long, linear, erumpent sorus of Urocystis agropyri causes spots on live, blistered, ribboned leaf of Arrhenatherum elatius

Foodplant / parasite
embedded sorus of Urocystis avenae-elatioris parasitises live leaf of Arrhenatherum elatius
Other: sole host/prey

Foodplant / pathogen
sorus of Ustilago avenae infects and damages live ovary of Arrhenatherum elatius
Remarks: season: early 6+
Other: major host/prey

Foodplant / spot causer
long, linear, erumpent sorus of Ustilago striiformis causes spots on live, blistered, ribboned leaf of Arrhenatherum elatius

Foodplant / parasite
embedded sorus of Ustilentyloma brefeldii parasitises live leaf of Arrhenatherum elatius

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Molecular Biology and Genetics

Molecular Biology

Statistics of barcoding coverage: Arrhenatherum elatius

Barcode of Life Data Systems (BOLDS) Stats
Public Records: 20
Specimens with Barcodes: 36
Species With Barcodes: 1
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Conservation

Conservation Status

National NatureServe Conservation Status

United States

Rounded National Status Rank: NNA - Not Applicable

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NatureServe Conservation Status

Rounded Global Status Rank: TNR - Not Yet Ranked

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National NatureServe Conservation Status

Canada

Rounded National Status Rank: NNA - Not Applicable

United States

Rounded National Status Rank: NNA - Not Applicable

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NatureServe Conservation Status

Rounded Global Status Rank: GNR - Not Yet Ranked

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Status

Please consult the PLANTS Web site and your State Department of Natural Resources for this plant’s current status (e.g. threatened or endangered species, state noxious status, and wetland indicator values).

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Threats

Pests and potential problems

Tall oatgrass is highly resistant to disease and insects.

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Management

Cultivars, improved and selected materials (and area of origin)

Seed is available from commercial seed producers.

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Apply lime and fertilizer according to soil test results when seeding and for maintenance. Use of herbicides in the establishment year to control broadleaf weeds will improve success of the planting. Mow or graze for control in subsequent years.

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Relevance to Humans and Ecosystems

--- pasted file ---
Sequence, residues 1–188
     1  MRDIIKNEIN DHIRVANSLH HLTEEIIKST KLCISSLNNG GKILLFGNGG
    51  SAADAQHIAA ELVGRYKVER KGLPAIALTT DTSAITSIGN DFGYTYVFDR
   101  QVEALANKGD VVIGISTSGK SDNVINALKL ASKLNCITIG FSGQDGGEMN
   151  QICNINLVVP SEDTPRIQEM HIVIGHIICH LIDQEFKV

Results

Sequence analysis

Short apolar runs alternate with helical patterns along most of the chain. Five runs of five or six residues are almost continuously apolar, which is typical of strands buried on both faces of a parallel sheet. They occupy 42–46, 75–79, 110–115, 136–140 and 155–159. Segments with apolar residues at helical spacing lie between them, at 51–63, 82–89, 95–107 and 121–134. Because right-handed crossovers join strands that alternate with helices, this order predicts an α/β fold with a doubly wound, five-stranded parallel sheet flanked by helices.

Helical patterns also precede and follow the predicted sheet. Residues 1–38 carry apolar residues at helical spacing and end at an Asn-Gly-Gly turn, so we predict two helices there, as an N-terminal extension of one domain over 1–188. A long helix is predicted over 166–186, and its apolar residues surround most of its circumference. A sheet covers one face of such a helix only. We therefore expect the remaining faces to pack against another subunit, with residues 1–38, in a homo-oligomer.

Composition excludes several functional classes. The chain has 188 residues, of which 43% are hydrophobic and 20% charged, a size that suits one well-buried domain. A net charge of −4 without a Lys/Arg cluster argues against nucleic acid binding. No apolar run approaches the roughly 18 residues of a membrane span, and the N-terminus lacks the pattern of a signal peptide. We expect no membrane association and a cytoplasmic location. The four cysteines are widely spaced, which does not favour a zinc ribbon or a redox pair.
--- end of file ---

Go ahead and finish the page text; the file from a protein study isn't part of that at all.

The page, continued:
Benefits

Uses

Erosion control: Tall oatgrass is a useful conservation grass for cover and forage on surface mined lands and marginal pastureland.

Livestock: Tall oatgrass can be used for livestock forage beginning in its second growing season; however, it is not recommended as a major component of forage seedings as other grasses are superior for this purpose.

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Wikipedia

Arrhenatherum elatius

Arrhenatherum elatius, with the common names false oat-grass, tall oat-grass, tall meadow oat, onion couch and tuber oat-grass, is a perennial species of grass, common in the temperate regions of Europe.

This bunchgrass is often used as an ornamental grass.

It is native to Europe but can be found elsewhere as an introduced species. It is found especially in prairies, at the side of roads and in uncultivated fields. The bulbous variety can be a weed of arable land. It is palatable grass for livestock and is used both as forage (pasture) and fodder (hay and silage); it has high amounts of phosphorus and calcium in its tissues.[citation needed]

Two subspecies have been described:

Habitat[edit]

Arrhenatherum elatius is a principle species in two UK National Vegetation Classification habitat communities: the very widespread MG1 (Arrhenatherum elatius grassland) and the much rarer MG2 (Arrhenatherum elatius - Filipendula ulmaria tall-herb grassland). This means that it can be found with species such as Dactylis glomerata (also known as Cock's-foot and orchard grass), and of course Filipendula ulmaria (also known as Meadow-Sweet).

It is found on road verges, along hedges and riverbanks.

It can colonise and stabilise limestone scree, bare calcareous cliffs, maritime shingle and coastal dunes.

Description[edit]

This course grass can grow to 150cm tall. The leaves are bright green, broad, slightly hairy and rough. The ligule is 3mm long and smooth edged. The panicle is up to 30cm, and the bunched spikelet have projecting and angled awns up to 17mm long, green or purplish. The panicles often remain into winter.[1] The spikelets are oblong or gaping. It flowers from June to September.

The roots are yellow.[2]

References[edit]

  1. ^ BSBI Description retrieved 10 December 2010.
  2. ^ Grasses by C E Hubbard, 1978, published by Penguin books
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Names and Taxonomy

Taxonomy

Comments: Not recognized in Flora of North America Editorial Committee (2007).